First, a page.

At KDU’s Student and Alumni Centre, the International Student Society serves to bring students of various nationalities together to foster racial harmony and encourage a closer rapport among each other.
It also conducts the KDU Cultural Initiative Programme, designed to assist international students who are new to KDU to adapt to their new surroundings more quickly.
Professor Dr Pradeep Nair, deputy vice chancellor of Taylor’s University, said that higher education institutions play a critical role in inculcating cultural integration and unity amongst young people.
“At Taylor’s University, we strive to create a truly international campus that places emphasis on cultural integration, creativity and collaboration across all learning and campus activities,” he said.
“We are working to enrol more students from the US, Europe, New Zealand and Australia.
“Such diversity is proven to enhance the students’ learning experience.”
Nair stressed the need nowadays to ensure that the young generation understands how cross-cultural dynamics work and appreciate differences among the different cultures.
“By bringing together young people from around the world on the same campus, we provide them with the opportunity to live with and learn from one another,” he said.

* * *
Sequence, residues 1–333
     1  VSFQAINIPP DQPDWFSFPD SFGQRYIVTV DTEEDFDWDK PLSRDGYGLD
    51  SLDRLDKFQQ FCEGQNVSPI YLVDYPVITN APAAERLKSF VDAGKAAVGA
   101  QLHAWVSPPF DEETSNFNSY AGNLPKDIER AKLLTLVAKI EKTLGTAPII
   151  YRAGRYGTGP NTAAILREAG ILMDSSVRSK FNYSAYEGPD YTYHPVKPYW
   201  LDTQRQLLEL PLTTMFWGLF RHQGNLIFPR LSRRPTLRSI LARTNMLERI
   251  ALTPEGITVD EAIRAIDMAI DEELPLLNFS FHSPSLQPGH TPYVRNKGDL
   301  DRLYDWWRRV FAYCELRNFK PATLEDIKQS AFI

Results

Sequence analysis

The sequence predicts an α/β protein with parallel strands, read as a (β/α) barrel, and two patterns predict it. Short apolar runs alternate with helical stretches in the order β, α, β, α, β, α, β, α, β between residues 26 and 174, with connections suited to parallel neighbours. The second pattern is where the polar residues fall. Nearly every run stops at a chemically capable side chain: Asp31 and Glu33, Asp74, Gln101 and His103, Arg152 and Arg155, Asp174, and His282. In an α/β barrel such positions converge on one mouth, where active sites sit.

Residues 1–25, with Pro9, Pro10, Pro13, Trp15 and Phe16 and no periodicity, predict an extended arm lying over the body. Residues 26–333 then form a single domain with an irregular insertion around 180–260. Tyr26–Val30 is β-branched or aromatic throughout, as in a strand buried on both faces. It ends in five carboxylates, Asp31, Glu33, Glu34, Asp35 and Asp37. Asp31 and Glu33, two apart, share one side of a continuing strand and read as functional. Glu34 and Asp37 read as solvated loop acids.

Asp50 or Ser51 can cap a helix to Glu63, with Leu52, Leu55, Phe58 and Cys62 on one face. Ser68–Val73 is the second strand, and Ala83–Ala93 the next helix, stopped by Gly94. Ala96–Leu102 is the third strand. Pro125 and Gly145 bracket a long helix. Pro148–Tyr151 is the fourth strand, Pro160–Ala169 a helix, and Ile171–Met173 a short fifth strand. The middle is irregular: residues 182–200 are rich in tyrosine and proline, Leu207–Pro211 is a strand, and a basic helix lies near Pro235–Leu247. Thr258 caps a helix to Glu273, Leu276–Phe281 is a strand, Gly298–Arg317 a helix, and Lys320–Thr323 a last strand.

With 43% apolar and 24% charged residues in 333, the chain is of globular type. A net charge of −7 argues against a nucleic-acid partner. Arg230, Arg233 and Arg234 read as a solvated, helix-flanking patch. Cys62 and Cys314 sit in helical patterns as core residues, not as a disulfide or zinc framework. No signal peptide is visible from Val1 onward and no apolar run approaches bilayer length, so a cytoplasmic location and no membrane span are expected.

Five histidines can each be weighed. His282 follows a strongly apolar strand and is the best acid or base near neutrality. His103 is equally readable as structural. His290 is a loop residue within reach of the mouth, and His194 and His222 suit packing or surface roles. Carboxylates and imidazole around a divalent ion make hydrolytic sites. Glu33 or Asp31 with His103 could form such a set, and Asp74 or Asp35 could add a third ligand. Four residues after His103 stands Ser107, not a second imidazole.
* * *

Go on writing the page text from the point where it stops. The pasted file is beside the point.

“Now more than ever, employers are no longer looking just for the technical know-how; they are putting greater focus on employees’ ability to communicate and collaborate with others.
“By bringing together young people from around the world on the same campus, we provide them with the opportunity to develop this skill even before they enter the workforce.
“The opportunity for collaboration between various cultures and nationalities provides our students with global perspectives and ideas which help them thrive in an increasingly borderless workplace.”
Foreign students can now earn credits from Taylor’s Summer Programme which offers 25 courses, from arts to hospitality, and engineering to medicine.
This summer programme enables students from other countries to complete their summer semester at Taylor’s University Malaysia.